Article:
Weekend Report Dec. 28, 2012

Huang pleads for his life following Police raid

Nearly a week after Palau’s police officers raided two establishments over suspicions of a prostitution ring, dosage the Taiwan national connected to both establishments is now pleading “for his life” in a letter posted online. Feng Jui Huang also known as Richard is connected to DW Hotel and Shangri-La massage and spa, two establishments that were raided last week following a complaint from six Shangri-La employees. Huang in his letter posted on Thursday, December 27th, stated that he has been wrongfully accused of forcing women into prostitution and engaging in money laundering in Palau. Although he has not been charged with any offenses, he said he faces a risk of being killed by any inmates if jailed, and that he has “a slim chance of survival” reports Taipei Times. Huang who claims to be an investor of DW Motel and the Shangri-La parlor, is in fact a foreign worker, confirms the labor office. Information indicates that Huang is employed by Lucky Malsol, the President’s brother and works as a manager of DW Motel. A police raid was initiated last week following complaints from six Shangri-La employees of being forced to sell sex services, During the raid police officers seized documentation belonging to Huang more than $10,000 in cash and his vehicles. Huang has since requested assistance from the Embassy of the Republic of China-Taiwan in obtaining an attorney, sources say he is still without one. The Attorney General’s office confirmed that an investigation is ongoing in conjunction with the Bureau of Public Safety.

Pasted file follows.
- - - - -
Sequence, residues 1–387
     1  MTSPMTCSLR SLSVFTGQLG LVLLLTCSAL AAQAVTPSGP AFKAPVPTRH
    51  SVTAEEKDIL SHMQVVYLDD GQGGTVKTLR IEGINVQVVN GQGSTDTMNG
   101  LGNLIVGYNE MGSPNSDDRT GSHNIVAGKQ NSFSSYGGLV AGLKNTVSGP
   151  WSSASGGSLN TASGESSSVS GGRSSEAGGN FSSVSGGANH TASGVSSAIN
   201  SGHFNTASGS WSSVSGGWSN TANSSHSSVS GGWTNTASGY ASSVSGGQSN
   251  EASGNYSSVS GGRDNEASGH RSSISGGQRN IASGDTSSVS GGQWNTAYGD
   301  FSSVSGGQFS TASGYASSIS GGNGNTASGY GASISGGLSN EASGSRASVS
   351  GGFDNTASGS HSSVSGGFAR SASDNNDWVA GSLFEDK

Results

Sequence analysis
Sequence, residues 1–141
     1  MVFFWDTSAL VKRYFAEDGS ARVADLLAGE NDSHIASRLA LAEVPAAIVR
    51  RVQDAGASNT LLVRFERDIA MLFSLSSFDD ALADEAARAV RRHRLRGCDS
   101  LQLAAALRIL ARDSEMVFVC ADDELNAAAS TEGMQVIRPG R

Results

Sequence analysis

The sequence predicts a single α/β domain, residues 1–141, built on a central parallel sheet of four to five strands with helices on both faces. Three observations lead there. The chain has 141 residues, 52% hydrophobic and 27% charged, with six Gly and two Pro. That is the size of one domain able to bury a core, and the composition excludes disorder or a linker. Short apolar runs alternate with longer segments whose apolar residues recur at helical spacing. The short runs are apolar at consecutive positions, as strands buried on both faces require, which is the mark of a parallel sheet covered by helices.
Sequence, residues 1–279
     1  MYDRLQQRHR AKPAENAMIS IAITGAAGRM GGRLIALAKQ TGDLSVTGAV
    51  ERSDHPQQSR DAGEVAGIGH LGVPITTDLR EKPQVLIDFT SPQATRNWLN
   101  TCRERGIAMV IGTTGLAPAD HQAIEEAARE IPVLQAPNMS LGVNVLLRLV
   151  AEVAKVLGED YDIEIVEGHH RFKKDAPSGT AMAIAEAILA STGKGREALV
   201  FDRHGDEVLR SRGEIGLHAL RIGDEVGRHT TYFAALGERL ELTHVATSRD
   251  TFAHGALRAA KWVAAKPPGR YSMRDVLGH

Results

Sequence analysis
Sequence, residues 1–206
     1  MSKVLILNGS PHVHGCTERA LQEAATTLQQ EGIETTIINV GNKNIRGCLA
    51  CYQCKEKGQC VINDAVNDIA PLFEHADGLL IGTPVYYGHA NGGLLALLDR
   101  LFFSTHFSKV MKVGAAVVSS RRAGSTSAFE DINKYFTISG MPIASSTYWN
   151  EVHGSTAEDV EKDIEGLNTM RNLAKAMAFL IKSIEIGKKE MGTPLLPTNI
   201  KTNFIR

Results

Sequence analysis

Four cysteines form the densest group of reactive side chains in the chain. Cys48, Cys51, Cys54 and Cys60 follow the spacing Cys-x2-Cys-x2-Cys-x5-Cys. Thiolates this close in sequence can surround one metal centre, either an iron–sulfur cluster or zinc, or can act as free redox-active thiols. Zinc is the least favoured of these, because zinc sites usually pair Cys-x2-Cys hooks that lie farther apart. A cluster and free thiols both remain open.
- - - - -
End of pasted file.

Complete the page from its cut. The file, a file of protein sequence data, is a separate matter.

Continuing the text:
Lt. Governor to succeed Inouye as Hawaii US Senator
Hawaii Governor Neil Abercrombie has appointed Hawaii’s Lieutenant Governor to fill in the vacant US Senate seat left by the passing of Senator Daniel Inouye. According to Governor Abercrombie, Lt. Governor Brian Schatz has demonstrated all the qualities Hawaii could ask for in a Senator. Further saying Schatz demonstrates strong characters, respect for traditions, and strong sense of values. Under Hawaii Law, the Governor appoints a replacement when there’s a Senate vacancy, but must appoint one from a list provided by the state party. The process to appoint a new Hawaii Senator after Inouye’s passing was regard as confusing and chaotic as the vacancy attracted a diverse range of people including two pilots and a handyman’s apprentice. Since becoming a state in 1959, Hawaii has had 5 senators. Late Senator Inouye, who in his lifetime helped shape Hawaii to what it is today, served all but four years. Schatz, who is entirely unknown in the US national scene, became Hawaii’s 11th Lt. Governor in 2010 following his eight-year position as CEO of Helping Hands Hawaii.